Schools, colleges and universities have always held a large volume of data on their students such as their contact details, qualifications held, current programmes of study, learning support needs, intended destinations and much more. Typically, these datasets have been used in isolation to support discrete functions and activities to support learners as they progress through their studies. The growing maturity of web based services over the last fifteen or more years has enabled educational establishments to use these datasets to deliver a number of targeted online services to each student such as links to courses being studied, library, email and online storage accounts and access to assessment records.

Social Learning


Schools, colleges and universities are increasingly recognising the limitations of traditional networks and communication channels to enable improvements across a wide range of institutional parameters such as performance management, productivity, student support, teaching, learning, attainment and progression. The use of social learning platforms promises to transform how educational institutions deliver services to students and how teachers and managers work collaboratively to design, develop, deliver and manage educational services to the communities that they serve. As ever, the use of emerging networked services such as social learning platforms alone will not deliver enhanced educational services. Improvements in the management of educational services and improvements in teaching, learning and attainment will only come about with the support of change management programmes that are supported by educational leaders and practitioners.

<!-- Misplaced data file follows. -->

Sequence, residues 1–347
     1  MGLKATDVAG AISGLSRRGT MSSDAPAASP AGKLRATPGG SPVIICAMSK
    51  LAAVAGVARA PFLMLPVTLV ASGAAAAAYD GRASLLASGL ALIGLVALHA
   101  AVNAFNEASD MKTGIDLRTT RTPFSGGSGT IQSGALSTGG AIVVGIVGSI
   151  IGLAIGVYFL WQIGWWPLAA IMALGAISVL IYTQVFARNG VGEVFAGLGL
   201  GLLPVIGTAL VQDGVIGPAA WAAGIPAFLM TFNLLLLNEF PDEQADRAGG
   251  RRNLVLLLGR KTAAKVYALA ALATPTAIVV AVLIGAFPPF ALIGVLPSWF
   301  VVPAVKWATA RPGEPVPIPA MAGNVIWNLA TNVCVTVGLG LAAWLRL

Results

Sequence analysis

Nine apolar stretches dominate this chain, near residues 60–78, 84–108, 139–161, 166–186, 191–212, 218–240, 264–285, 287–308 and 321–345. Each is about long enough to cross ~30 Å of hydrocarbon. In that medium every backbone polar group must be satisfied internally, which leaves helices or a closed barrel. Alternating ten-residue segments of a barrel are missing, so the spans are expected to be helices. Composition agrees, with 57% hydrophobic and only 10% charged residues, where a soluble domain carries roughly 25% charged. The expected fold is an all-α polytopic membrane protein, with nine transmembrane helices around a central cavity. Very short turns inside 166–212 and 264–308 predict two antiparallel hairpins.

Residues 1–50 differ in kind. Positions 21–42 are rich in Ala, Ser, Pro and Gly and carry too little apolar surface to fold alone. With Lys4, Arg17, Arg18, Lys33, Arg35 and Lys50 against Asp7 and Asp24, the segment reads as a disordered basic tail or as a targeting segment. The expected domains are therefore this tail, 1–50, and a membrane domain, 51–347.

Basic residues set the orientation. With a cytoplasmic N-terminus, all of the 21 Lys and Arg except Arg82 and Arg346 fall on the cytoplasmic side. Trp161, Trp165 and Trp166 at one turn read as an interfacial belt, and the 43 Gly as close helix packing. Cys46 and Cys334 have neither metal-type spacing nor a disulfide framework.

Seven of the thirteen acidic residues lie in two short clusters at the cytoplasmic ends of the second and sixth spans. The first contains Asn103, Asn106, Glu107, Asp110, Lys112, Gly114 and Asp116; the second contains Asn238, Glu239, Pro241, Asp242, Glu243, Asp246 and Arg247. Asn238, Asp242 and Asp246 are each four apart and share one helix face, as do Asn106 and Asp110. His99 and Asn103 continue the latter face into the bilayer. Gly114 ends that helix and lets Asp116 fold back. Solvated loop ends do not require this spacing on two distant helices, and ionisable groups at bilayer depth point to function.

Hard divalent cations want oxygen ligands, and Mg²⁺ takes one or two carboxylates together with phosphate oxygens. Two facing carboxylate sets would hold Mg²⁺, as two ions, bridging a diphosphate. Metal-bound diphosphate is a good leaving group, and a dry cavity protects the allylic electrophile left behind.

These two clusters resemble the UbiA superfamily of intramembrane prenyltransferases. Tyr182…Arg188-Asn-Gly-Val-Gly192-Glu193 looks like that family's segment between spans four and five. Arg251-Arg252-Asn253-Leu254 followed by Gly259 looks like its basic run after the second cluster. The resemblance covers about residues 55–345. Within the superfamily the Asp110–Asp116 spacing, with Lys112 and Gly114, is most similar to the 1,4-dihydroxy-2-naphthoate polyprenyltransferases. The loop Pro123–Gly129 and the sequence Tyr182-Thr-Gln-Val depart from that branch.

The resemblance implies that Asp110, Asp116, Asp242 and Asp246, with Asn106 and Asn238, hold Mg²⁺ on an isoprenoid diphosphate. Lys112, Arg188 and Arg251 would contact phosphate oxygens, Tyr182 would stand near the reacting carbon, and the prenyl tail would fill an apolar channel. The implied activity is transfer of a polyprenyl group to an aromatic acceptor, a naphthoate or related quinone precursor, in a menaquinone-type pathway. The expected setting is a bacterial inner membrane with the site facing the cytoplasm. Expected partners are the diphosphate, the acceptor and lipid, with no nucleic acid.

Let's Create, Share and Play


An increasing number of schools are incorporating computer games design and production into their education portfolios. The skills that students acquire whilst designing and producing computer games are many and varied; skills that can support the study of other mainstream subjects at the school and skills that can be used as a basis for making vocational and further education choices when graduating from school. The work of Youth Digital, Gamestar Mechanic and the ChicagoQuest Schools provide compelling cases for using computer gaming within an education setting.